It was not clear if the assault resulted in any casualties or where the attackers were on Tuesday night. Despite Mr. Pérez’s claims, it could not be determined how much support, if any, the attackers had. In any case, they did not come close to overthrowing the government.

In pictures of the helicopter attack that circulated online, a man who looks like Mr. Pérez appeared to be piloting the aircraft as a second man, in a balaclava, held a sign that said, “Art. 350, Libertad.”

Experts said it was a reference to Article 350 of the Venezuelan Constitution, which encourages people to “disown any regime, legislation or authority that runs counter to democratic principles and guarantees, or that undermines human rights.”

Elsewhere in Caracas, opposition members of the National Assembly said they were being besieged by armed government supporters.

Ernesto Villegas, Venezuela’s minister of communications and information, said on national television that President Nicolás Maduro had been briefed on “an act of violence” launched from a helicopter that belongs to a law enforcement agency.

Mr. Villegas characterized the event as an “uprising against the republic, the Constitution.”

Mr. Maduro condemned the attack in a televised address, calling it part of a “coup plot.”

He said the assailants had launched grenades, including one that did not explode, while a “social event” was taking place in the court complex. The gunmen fired from the helicopter into offices and then flew over the building, he said.

Photo

Venezuela’s president, Nicolás Maduro, said the attack was part of a “coup plot” and took place during a “social event.”

Credit
Reuters

“They could have left several dozen deaths,” Mr. Maduro said.

The president added that he had “activated the entire national armed forces to defend people’s right to serenity.”

Mr. Maduro said “sooner or later, we will capture the helicopter and those who have committed this armed attack.” His remark suggested the assailants were at large and in control of the aircraft.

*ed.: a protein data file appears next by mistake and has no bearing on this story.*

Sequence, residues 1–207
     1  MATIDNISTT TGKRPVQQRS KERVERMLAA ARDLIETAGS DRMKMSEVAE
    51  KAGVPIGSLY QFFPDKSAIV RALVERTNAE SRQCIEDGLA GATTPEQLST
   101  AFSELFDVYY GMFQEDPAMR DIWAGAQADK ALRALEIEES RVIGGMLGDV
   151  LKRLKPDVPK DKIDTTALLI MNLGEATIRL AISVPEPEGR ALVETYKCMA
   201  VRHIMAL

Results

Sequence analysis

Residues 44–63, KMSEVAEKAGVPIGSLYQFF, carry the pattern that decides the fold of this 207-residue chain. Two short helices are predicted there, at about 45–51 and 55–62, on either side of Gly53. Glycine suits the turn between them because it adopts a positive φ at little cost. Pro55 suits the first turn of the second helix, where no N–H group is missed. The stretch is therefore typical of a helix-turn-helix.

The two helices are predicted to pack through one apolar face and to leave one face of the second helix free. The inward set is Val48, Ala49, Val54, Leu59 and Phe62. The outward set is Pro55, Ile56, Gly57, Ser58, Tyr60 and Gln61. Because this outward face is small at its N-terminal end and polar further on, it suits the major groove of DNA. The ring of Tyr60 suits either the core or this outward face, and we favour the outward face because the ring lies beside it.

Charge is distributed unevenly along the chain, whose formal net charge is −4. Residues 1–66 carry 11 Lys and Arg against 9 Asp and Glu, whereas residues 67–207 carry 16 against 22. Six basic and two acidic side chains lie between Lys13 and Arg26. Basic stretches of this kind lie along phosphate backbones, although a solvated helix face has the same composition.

Adding to the mystery around Mr. Pérez is a 2015 Venezuelan film called “Muerte Suspendida,” or “Suspended Death,” in which he plays a police officer and is listed as a producer.

The trailer tells the story of a kidnapping in which a gang armed with automatic rifles and rocket launchers captures a wealthy man at a gas station. The family pleads for the help of the police, who mount an ambitious rescue. Mr. Pérez appears at the end of the trailer, apparently part of the rescue team, emerging from water in scuba gear.

“A story based on true events,” the trailer’s opening says.

Venezuela has been shaken for weeks by large protests against the government, some of which have turned violent. It has resorted to increasingly heavy-handed tactics, including torture, to beat back demonstrations, according to accounts by detained demonstrators and human rights activists. More than 70 people have died.

The Supreme Court, the target of Tuesday’s attack, has become a focus for the rallies, chiefly because its bench is stacked with allies of the president who are seen as doing his bidding.

On Tuesday, the court appeared to be chipping away at the power of the attorney general’s office, transferring many of its investigative abilities to Tarek Saab, a high-ranking official in Mr. Maduro’s party. The move was seen at curbing the authority of Luisa Ortega, the attorney general, who has become famous during protests for openly opposing the president, the highest-ranking official to do so.

The protests themselves were set off by another ruling by the court that essentially dissolved the opposition-controlled National Assembly in March and transferred lawmaking power to the justices themselves. Mr. Maduro eventually ordered the court to reverse much of its ruling after an outcry both outside and within Venezuela, including a public rebuke by Ms. Ortega.

Attempted coups have shaken Venezuelan politics in recent decades. Hugo Chávez, who later became the country’s president, made a failed attempt to seize power by force in 1992 when he was a lieutenant colonel in the army. The uprising was crushed by the military, and Mr. Chávez was jailed.

In 2002, a few years after Mr. Chávez was elected president, senior military officers who opposed the new socialist government’s policies tried to overthrow Mr. Chávez.

But few in Venezuela saw Tuesday’s attack as having any chances of immediately succeeding in its stated goals.

But these are anxious times for the country. For more than two years, Venezuelans have been reeling from the nation’s worst economic crisis in generations. The price of oil, which long bolstered the economy and paid for Mr. Chávez’s social programs, has plummeted. Inflation is at record levels, and supermarket shelves are empty.

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